People Can Make or Break Your Small Business: Place Your Trust Wisely.

imagesPeople can make or break your business. This includes everyone from your professional advisers, suppliers, customers and clients to your employees, business partners, and even your friends and family. Making wrong decisions about any of the people with whom you deal can significantly hurt your business and impede—even destroy—everything you are trying to achieve.

When it comes to people, I’ve made both good calls and bad. In most cases, the bad calls were no big deal, but a few of the bad choices left me feeling angry and betrayed. (One of them left my checkbook significantly lighter.)  There’s an old saying: Business is business and friendship is friendship, but when it’s your business, it’s always personal. Fortunately, I’ve been able to rebound from bad calls, but not all entrepreneurs are so fortunate. Some find placing their trust in the wrong people to be too devastating, emotionally and financially, to overcome.

A number of years ago, I personally saw the tragic ending for a friend who simply couldn’t overcome business betrayal. I’ll call her Sally.

Sally had tremendous entrepreneurial drive. She built a business from nothing in 1993 to nearly $100 million in revenue by 2006. She recognized that she didn’t have the sophistication to develop the structure and process for such a large organization, so to help her manage the rapid growth, she hired a chief operating officer. Things seemed to be going well until documents from the IRS arrived indicating she owed $2 million in back taxes.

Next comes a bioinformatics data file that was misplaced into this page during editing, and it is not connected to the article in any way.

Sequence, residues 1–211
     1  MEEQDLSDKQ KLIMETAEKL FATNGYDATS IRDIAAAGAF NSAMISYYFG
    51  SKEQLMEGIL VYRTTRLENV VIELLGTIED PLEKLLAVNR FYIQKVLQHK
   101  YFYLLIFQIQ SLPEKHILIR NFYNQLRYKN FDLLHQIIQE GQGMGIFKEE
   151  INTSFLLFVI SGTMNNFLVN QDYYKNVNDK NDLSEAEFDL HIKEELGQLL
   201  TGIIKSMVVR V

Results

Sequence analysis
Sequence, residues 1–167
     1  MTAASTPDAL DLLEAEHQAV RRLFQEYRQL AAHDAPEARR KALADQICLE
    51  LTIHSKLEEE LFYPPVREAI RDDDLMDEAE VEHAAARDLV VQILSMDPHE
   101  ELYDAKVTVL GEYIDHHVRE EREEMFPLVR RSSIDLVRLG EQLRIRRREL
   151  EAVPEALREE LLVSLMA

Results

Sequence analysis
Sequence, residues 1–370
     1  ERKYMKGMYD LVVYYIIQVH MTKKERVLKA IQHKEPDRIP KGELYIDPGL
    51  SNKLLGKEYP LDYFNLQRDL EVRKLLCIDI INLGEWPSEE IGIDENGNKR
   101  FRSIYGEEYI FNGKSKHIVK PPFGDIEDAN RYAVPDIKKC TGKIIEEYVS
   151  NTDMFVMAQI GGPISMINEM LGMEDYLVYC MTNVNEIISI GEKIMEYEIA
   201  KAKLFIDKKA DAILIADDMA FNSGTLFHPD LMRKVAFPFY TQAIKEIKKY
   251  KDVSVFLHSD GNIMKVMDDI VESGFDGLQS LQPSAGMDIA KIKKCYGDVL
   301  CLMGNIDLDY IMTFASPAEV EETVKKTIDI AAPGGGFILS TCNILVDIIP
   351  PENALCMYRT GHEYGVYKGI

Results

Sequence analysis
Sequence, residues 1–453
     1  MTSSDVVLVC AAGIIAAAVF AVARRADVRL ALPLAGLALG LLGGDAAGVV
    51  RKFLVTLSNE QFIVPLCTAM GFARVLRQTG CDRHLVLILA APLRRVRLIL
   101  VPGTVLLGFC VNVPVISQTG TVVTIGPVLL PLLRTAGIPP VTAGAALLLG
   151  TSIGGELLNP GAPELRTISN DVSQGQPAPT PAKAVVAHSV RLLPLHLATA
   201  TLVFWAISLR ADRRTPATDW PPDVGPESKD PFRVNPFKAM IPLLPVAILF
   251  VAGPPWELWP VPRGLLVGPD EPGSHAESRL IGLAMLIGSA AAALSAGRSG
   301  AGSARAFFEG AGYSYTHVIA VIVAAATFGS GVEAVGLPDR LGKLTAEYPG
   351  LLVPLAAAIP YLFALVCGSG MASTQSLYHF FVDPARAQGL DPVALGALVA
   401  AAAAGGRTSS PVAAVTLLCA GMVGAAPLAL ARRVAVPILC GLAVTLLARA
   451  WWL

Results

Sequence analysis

A complicated investigation ensued, and it turned out that the trust Sally had invested in her second-in-command had been misplaced. According to sources close to Sally, the COO, who we later learned had previously been convicted of IRS fraud, failed to pay the Sally’s company’s federal taxes for two years. The IRS troubles caused other financial problems, putting the business in dire financial straits.

One Thursday evening, Sally left her office and never returned. Her body was found on Saturday. She had taken her own life. As one of Sally’s friends noted, “Sally believed that she would lose herself if she lost her business. She had fought so hard for so many years to build that company, and she was deeply ashamed about her financial problems.”

This is an extreme story, but I feel compelled to share it because it drives home the importance of understanding that your business is only as good as the people involved with it. Surround yourself with quality people, and be careful about where you place your trust. Every choice you make has an impact on your success. Oprah Winfrey says — always sign the checks. Sage advice from a successful entrepreneur.

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